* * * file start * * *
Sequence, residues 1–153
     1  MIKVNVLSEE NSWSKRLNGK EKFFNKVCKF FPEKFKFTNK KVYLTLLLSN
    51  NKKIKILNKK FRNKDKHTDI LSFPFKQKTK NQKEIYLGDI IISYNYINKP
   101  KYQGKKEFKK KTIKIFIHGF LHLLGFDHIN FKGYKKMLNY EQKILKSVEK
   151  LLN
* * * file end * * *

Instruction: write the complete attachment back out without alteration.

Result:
Sequence, residues 1–153
     1  MIKVNVLSEE NSWSKRLNGK EKFFNKVCKF FPEKFKFTNK KVYLTLLLSN
    51  NKKIKILNKK FRNKDKHTDI LSFPFKQKTK NQKEIYLGDI IISYNYINKP
   101  KYQGKKEFKK KTIKIFIHGF LHLLGFDHIN FKGYKKMLNY EQKILKSVEK
   151  LLN